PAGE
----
‘Zero Tolerance for Corruption’? PART (IV)
Story: Richmond KEELSON
The fight against corruption has been an obsession of almost every Ghanaian leader, right from the inception of Ghana’s 1st Republican administration, under Dr. Kwame Nkrumah. It was on the basis of the surge for that purity that Nkrumah fell out with his confidante, K. A. Gbedemah, who was accused on many fronts, including corruption.
Immediate administrations after Nkrumah, including Generals Kotoka, Afrifa and Ankrah’s military National Liberation Council (NLC) and Prime Minister Kofi Abrefa Busia’s Progress Party (PP) administration of the 2nd Republic, all set out to deal with the canker.
Prime Minister Busia indeed moved and made his intentions on the subject very clear. So “In March 1970, Mr. Justice P. D. Anin was named by the Ghanaian Presidential Commission, acting on the advice of the Prime Minister, to head a five-man Commission of Enquiry into Bribery and Corruption”.
Not only was it authorised “to study the area, prevalence, and methods of bribery and corruption in Ghanaian society”, but “also to determine whether there were factors in the society which contributed to this. As a people, do we frown upon and resist bribery and corruption or do we tend to regard them as natural and inevitable?”, asked Justice Anin at the first meeting of the Commission of Enquiry on 29th June, 1970.
The Commission chairman further added: “Do we draw a line between the ‘customary drink’ under our traditional practices, and bribery and corruption of public officers and others holding positions of trust?” The answers to these questions, it was hoped, “would lead to recommendations for the eradication of these ‘social evils’.”
Kufuor’s Zero Tolerance for Corruption
So when the then President John Agyekum Kufuor declared “Zero Tolerance for Corruption”, it found great favour with Ghanaians. After the long PNDC/NDC 1&2 administrations, the masses of the people were ready for the “Positive Change” promised by the Kufuor Administration.
There was the hope that the President would check his own people and clamp down on anything that smelled, felt or looked like corruption. Jake Obetsebi-Lamptey was the Chief of Staff residing at the Osu Castle. Elizabeth Ohene was the Minister of Information and Nana Akuffo-Addo was the Minister of Justice and Attorney-General.
A highly ranked NPP executive is convinced that it is this trio of ministers who shaped the beginning and end of the “Zero Tolerance for Corruption” policy. Those were the days that the former President, Jerry John Rawlings was closely marked because he was considered a threat to the stability of our infant 4th Republic.
An insider told Today, that it wast that obsession with the former President that led to the suspension of some of his privileges by the person later to become his close pal, Nana Akuffo-Addo.
Mallam Issa, Chairman of the PNC political party became the embodiment of the fight against corruption. He, during his appearance before the Vetting and Appointments Committee of Parliament made “I will consult” a popular phrase in the country.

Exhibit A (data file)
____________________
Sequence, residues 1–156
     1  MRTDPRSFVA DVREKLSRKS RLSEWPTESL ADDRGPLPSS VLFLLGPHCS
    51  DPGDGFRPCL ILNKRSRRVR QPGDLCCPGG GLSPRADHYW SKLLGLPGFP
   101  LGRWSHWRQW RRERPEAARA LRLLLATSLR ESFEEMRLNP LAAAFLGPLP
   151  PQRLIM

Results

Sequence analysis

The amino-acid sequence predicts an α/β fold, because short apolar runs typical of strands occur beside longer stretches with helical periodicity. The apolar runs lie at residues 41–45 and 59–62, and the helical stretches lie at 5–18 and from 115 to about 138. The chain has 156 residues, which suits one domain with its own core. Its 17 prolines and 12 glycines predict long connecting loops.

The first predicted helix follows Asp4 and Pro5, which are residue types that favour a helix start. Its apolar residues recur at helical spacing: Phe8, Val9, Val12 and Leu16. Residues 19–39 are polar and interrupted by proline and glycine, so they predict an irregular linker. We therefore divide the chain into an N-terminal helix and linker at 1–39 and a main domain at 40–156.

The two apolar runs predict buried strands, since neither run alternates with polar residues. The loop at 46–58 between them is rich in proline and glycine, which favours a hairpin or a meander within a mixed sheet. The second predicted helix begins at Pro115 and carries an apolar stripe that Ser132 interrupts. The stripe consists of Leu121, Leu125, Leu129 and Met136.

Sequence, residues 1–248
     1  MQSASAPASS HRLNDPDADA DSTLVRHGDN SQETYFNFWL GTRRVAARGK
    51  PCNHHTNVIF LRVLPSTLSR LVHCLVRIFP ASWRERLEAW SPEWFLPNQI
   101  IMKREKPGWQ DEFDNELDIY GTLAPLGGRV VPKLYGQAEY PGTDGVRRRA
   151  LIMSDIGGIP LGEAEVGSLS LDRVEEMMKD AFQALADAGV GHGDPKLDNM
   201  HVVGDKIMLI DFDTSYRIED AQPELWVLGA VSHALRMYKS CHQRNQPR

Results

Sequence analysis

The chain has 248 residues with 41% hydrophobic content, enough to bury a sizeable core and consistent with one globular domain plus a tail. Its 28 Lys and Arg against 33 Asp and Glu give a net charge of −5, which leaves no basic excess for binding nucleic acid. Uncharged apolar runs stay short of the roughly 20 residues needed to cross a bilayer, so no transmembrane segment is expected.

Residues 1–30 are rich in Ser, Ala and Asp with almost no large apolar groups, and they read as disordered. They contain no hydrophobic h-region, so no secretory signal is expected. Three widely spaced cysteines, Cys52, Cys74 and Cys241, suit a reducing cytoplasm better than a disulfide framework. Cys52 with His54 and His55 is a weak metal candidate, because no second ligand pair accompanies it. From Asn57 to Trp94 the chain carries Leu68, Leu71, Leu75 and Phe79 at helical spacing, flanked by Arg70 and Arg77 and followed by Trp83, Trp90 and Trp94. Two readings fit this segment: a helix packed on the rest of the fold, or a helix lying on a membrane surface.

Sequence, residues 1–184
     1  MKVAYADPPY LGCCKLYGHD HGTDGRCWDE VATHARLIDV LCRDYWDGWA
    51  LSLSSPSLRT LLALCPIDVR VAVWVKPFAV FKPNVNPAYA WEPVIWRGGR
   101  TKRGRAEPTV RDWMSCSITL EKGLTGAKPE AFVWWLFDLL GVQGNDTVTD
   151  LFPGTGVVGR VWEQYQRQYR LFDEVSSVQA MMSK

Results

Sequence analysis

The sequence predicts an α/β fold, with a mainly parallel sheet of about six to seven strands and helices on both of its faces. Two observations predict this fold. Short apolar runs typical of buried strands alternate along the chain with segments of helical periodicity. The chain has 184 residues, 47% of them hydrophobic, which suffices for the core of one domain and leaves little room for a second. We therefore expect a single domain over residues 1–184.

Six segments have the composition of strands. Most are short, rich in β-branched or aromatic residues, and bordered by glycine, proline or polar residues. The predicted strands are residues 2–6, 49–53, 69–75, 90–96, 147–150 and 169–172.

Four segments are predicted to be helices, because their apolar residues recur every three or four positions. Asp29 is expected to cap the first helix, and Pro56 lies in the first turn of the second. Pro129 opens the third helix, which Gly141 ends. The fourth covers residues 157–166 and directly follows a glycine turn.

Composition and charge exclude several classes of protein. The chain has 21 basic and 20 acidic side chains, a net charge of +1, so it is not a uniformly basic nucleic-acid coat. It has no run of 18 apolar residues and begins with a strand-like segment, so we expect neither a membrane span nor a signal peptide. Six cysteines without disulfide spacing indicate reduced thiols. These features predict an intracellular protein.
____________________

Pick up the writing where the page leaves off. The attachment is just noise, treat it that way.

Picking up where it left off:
Parliament approved his nomination to become Minister of Youth & Sports during a period of inclusiveness which PNC and CPP members joined NPP members in the first Kufuor Administration of January 2001, to January, 2006.
What happened to Mallam Issa? He was jailed for four years in July 2001 and also fined $1,400 just a few months after he was sworn into office as Minister of Youth and Sports. He was also to refund $46,000 within one month or face an additional 12 months in jail.
He was prosecuted by the then Attorney-General, Nana Akuffo-Addo and held up as an example of the political will of the Kufuor Administration to punish its own corrupt officials. Mallam Issa had misplaced, lost or caused the disappearance of $46,000 meant to pay Ghanaian Black Stars players who had gone to play in a Cup of Nations qualifier against the Sudan.
Many in Ghana at the time commended the then President and asked him not to relent in the Zero Tolerance for Corruption crusade. Others felt that Mallam Issa was prosecuted because he was not a member of the NPP and that there were people in the NPP and PNC who were against his appointment as Minister in the first place.
Still, prosecution and jailing of a minister by an Administration he was a part of, signaled a potential new beginning and a much needed boost in the fight against corruption.
Many people Today interviewed have been asking, what happened?
They point to a number of allegations made against members of the Kufuor Administration and the “bring evidence” retort and conclude that a fantastic opportunity was wasted on the altar of partisan politics.
Reference is also made to the prosecution of opposition NDC officials such as Kwame Peprah, Victor Selormey and others as which in their opinions represented a departure from a policy desperately needed by the country.